Migrating Always Encrypted Data

Nitish Upreti shows us how to migrate data encrypted using Always Encrypted:

Our customers use the SQL platform to store volumes of high-valued data assets for their organization. With Always Encrypted, we want to deliver additional security while ensuring complete integrity of stored user data. To achieve this, in a regular workflow SQL Server/Azure SQL Database disallows an application to insert data directly into an encrypted column. If the application has not enabled Always Encrypted in the connection string, an insert statement targeting an encrypted column will fail. To insert a value into a column protected with Always Encrypted, the application must connect to the database with Always Encrypted enabled in the connection string and pass a plaintext value of the datatype configured for the target column. Subsequently, the SQL client driver encrypts the value and sends the ciphertext to the database. This ensures plaintext data is encrypted and stored appropriately.

Read the whole thing.

Restoring An Azure SQL Database

Grant Fritchey shows us how to restore a database hosted in Azure SQL Database:

The first, and most important thing to notice here is that it’s supplying me with a new name. I can change that to anything I want as long as it’s not the name of a database already in existence on my Azure SQL Database Server. You read that correctly, you can restore a database to Azure SQL Database, but there is no WITH REPLACE option. The restore creates a new database. This is important. In a recovery scenario, you need to be sure that you’re prepared to deal with this fact. How could you replace the existing database? Immediately run a pair of ALTER DATABASE commands to change the name of the existing database to something else and then change the name of your newly created database to the old name. That’s your choice.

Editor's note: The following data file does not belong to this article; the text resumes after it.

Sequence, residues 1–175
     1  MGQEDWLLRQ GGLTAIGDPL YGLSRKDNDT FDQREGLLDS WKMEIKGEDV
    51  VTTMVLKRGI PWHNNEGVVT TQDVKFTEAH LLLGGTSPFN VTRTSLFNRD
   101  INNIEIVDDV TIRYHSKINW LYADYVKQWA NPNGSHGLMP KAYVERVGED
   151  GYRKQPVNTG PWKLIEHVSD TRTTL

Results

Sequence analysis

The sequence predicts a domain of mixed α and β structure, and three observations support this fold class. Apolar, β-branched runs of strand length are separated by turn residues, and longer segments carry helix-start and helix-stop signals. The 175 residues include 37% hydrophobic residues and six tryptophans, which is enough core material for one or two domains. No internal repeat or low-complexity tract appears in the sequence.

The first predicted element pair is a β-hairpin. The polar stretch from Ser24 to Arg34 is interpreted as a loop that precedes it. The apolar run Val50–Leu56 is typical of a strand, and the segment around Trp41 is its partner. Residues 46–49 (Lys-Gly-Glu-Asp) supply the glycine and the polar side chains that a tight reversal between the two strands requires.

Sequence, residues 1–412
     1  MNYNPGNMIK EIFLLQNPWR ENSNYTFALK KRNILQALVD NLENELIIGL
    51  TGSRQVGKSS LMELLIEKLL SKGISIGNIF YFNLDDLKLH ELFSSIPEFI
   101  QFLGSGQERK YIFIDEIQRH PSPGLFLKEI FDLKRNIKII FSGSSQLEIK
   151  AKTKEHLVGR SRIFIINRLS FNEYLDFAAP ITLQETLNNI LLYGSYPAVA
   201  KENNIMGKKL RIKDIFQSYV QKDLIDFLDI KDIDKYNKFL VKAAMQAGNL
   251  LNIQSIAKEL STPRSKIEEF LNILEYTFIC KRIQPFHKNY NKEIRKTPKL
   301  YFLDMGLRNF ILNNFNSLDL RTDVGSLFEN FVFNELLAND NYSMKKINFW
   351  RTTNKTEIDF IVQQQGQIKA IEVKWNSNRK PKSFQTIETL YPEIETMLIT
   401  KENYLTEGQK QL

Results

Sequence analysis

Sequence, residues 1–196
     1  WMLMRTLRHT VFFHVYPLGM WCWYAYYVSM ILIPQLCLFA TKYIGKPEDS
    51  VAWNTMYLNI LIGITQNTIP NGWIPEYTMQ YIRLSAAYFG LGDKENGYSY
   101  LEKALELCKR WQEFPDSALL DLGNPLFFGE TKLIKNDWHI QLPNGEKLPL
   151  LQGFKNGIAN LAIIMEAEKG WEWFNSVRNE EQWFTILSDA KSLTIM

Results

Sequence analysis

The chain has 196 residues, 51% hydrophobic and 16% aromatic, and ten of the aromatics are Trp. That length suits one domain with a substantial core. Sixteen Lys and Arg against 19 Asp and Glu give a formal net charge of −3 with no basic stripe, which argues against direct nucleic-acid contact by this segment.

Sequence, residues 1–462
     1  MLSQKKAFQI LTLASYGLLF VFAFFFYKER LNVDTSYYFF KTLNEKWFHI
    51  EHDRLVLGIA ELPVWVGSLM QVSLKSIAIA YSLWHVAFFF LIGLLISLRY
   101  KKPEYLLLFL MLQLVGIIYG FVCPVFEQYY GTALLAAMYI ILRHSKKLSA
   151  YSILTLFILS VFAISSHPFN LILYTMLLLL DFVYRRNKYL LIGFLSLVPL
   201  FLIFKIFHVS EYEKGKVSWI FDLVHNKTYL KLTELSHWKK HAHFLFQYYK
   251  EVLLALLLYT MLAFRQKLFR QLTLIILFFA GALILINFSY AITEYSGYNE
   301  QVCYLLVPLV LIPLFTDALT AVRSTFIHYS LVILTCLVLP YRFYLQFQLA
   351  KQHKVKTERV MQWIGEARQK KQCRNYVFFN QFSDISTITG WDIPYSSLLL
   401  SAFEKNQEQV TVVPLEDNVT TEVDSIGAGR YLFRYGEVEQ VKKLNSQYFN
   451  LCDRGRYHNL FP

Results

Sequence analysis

There are a couple of gotchas, so if you are administering Azure SQL Database instances, be aware of these.

ODBC Driver 13 In Preview

The Microsoft ODBC Driver 13 is now available (in preview form):

The preview ODBC drivers for Linux now supports Ubuntu, RedHat and SUSE. This is Microsoft’s first ODBC Driver for SQL Server release supporting Ubuntu. You can now enjoy enterprise level support while connecting to SQL Server from Ubuntu. It also updates the drivers to unixODBC driver manager 2.3.1 support.